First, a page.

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Agents up in arms as SriLankan Airlines scraps commissions
Feizal Samath, Colombo, March 7, 2017
 

Travel agents in Sri Lanka have raised strong objections over SriLankan Airlines' proposal to drop ticket commission, a move which the trade says could potentially throw many agencies out of business.

 

In a circular issued to outbound travel agents, SriLankan Airlines has announced that the zero commission policy will take effect from April 1. Agents currently get five per cent commission from the national carrier for each ticket sold.

 

 

Two travel agent associations representing in Sri Lanka have called for an emergency meeting on March 17 to discuss a decision. Both associations have also sought a meeting with SriLankan Airlines.

 

“We are faced with a serious dilemma, not knowing what to do,” said Wilhelm Brown, president of the Travel Agents’ Association of Sri Lanka (TAASL). “This could cripple the industry.”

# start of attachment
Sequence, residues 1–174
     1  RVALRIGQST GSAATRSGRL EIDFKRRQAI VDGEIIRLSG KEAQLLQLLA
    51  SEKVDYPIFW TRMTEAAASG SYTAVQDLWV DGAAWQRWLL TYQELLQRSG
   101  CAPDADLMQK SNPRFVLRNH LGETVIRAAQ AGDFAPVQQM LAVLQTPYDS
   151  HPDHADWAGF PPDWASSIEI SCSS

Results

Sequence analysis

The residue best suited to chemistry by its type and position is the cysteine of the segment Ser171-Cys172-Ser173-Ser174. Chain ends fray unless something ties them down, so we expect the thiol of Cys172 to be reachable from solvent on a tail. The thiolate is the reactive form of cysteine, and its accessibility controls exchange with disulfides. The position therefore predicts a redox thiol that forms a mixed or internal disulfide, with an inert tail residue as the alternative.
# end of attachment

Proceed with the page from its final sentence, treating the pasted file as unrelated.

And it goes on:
Tilak Wickramasinghe, president of the IATA Agents’ Association of Sri Lanka (IATA-AASL), raised similar concerns: “SriLankan Airlines could have reduced the commission rather than scrapping it altogether. We have huge costs to pay like the IATA licensing fee, costly bank guarantee charges and also licencing fees to the Civil Aviation Authority of Sri Lanka.”

 

"This would force many agents to close down," Wickramasinghe added, pointing out that less than 15 per cent of IATA-AASL members belong to large conglomerates who would be able to cushion the blow.

 

Another veteran industry member commented: “We have been promoting the national carrier through our own communication platforms and hence the airline should be there to protect us, not wipe us out.”

 

Defending the move, a SriLankan Airlines official, who spoke on condition of anonymity, said the industry had been informed of this plan two years ago. “We are following a global practice,” said the official.

 

However, industry leaders argue that Sri Lanka is not yet a mature market to enforce zero commissions. “When the national carrier imposes this, other airlines will follow suit,” said Wickramasinghe.

 

SriLankan is not the first airline to introduce changes to its commission policy. Emirates last month reduced its commission from seven per cent to three per cent, while Qatar, Etihad Airways and Thai Airways have scrapped commissions three years ago.

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